Britain’s love affair with all things vintage

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London, UK (26th September 2011): Britain is having a love affair with all things vintage with 64% of people owning an item they consider vintage. According to new research* people in the UK seek individuality, financial value and provenance in their purchasing of goods of ‘high quality of a past time’**.


The research was carried out by specialist home insurer Hiscox amongst 1010 ABC1 people to gauge their perceptions of vintage and their attitudes to collecting or accumulating it. It showed that just over a quarter (27%) own an item they only recently considered to be vintage and over half of them (58%) have owned this item for over 20 years.





The most common reasons cited for why people would consider buying vintage are the individual way it looks (43%), its financial value (27%) and its provenance / role in history (24%).


Furthermore, while the term vintage for some may be synonymous with 1920s flapper dresses, Chanel handbags and bottles of ChâteauLafite, professionals now own a whole range of ‘vintage’ belongings:


·         Books (39%)

·         Musical instruments and records (33%)

·         Jewellery (28%)

·         Furniture (27%)

·         Children’s toys (16%)


Where Britain is looking for vintage treasure

The research looked at where people would look to purchase vintage items:

·         41% would hunt for vintage treasures online and almost one in ten (9%) at music festivals

·         Auctions (59%), jumble sales (48%), specialist vintage stores (48%) and thrift stores (46%) would be the most common locations respondents seek vintage finds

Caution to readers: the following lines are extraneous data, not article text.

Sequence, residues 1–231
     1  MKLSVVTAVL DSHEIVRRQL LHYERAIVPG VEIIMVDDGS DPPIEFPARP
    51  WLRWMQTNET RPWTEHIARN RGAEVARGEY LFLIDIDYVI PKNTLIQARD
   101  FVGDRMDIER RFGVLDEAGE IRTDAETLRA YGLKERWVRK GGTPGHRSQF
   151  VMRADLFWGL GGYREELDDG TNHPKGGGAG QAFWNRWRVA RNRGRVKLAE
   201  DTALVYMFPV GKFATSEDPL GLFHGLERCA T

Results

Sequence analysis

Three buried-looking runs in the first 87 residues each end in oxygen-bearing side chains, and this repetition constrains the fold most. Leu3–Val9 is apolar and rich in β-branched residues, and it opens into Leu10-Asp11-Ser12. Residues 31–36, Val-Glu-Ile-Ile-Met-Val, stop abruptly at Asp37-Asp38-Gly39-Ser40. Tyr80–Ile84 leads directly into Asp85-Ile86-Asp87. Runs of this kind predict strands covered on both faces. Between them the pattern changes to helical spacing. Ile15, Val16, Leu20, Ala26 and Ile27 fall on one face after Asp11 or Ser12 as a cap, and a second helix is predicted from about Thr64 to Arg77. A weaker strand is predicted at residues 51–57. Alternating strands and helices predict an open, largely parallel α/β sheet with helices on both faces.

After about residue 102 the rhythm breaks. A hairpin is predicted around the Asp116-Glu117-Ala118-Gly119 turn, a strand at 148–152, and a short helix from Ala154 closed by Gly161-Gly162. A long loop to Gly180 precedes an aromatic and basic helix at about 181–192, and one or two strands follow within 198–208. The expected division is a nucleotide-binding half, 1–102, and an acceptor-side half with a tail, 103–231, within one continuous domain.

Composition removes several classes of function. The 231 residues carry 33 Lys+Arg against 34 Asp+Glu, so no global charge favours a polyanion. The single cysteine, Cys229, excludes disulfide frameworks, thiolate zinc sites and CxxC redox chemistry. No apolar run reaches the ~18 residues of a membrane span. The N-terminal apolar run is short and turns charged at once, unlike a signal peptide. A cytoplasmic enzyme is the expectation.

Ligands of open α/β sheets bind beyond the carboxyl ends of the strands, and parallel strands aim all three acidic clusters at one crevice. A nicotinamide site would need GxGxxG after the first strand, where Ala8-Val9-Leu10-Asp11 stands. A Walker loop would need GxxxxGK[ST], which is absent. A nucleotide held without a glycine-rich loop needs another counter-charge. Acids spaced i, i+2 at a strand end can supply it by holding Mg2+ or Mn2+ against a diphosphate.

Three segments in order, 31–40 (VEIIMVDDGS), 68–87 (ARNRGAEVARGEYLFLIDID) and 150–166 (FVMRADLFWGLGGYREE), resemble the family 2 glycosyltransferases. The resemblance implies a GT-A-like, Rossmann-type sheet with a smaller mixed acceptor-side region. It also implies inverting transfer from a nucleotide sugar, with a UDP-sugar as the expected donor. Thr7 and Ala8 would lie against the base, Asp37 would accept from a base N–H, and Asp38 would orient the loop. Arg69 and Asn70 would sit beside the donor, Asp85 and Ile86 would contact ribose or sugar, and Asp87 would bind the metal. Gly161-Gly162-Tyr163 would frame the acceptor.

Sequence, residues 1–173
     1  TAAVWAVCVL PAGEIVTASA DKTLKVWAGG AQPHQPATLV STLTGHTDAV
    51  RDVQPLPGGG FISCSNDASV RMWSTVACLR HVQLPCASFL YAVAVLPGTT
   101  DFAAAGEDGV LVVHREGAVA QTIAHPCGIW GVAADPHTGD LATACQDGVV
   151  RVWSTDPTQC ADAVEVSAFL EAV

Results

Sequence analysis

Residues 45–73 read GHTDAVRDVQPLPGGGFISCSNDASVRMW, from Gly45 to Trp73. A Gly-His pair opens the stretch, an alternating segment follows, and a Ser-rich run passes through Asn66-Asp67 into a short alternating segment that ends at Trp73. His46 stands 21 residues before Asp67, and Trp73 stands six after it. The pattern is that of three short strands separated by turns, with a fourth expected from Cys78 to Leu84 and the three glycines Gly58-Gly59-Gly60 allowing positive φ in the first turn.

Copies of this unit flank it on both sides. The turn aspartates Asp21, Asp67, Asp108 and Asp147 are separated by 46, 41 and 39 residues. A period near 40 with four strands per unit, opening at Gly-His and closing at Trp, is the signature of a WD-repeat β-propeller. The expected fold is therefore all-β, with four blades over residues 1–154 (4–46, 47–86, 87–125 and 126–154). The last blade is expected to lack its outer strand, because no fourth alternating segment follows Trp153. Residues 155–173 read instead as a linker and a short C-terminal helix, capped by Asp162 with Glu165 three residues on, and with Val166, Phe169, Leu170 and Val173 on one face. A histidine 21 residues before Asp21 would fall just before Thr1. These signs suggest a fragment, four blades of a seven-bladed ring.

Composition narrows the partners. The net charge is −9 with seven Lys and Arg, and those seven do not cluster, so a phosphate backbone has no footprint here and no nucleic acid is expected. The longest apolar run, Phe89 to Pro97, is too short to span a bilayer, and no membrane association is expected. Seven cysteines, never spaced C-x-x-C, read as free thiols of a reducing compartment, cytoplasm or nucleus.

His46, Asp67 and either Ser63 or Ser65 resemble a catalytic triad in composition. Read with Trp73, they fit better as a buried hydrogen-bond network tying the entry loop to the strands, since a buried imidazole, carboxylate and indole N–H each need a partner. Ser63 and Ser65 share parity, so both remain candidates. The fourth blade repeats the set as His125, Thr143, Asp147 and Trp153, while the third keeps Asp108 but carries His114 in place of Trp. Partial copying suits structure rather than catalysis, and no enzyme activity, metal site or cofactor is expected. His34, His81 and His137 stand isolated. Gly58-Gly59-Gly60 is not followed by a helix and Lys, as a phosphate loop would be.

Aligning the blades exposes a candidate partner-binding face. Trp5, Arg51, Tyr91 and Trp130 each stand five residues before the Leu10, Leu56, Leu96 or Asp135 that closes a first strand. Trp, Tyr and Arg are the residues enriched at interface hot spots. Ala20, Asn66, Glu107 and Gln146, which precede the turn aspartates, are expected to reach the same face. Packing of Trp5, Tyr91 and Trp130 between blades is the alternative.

·        And seeking it is part of the appeal, as nearly one third (30%) perceive vintage as ‘unique products that you need to search for’


A vintage investment

One in seven (14%) view vintage as an investment. Over one third (36%) own a vintage item they bought for a small amount of money which they now believe to be worth more and over half (52%) who have owned a vintage treasure think the value of their vintage has increased over time.


Andrew Cheney, senior risk and valuation advisor at Hiscox, comments: “It’s a bumper time for vintage. Love of vintage is a very personal thing – whether it is the air of nostalgia or the story behind your pieces, the financial or sentimental value or the way it stands out from the crowd of mass sold goods.”


“Our clients come to us seeking cover for a range of vintage valuables ranging from the more typical handbags, jewellery and wine to the more bespoke movie memorabilia, cigar and trinket boxes or art deco furniture. To some extent value might be in the eye of the beholder but if you own a collection or special piece, it is worth reassessing their value on a regular basis and making sure you look after them in the right way.”


Other research findings:

·       People are sentimental about their vintage as inherited items (46%) are valued over and above pre-owned genuine vintage products (20%)

·        Jewellery (22%) would be the most distressing vintage item to lose, followed by music (15%) and books (14%)


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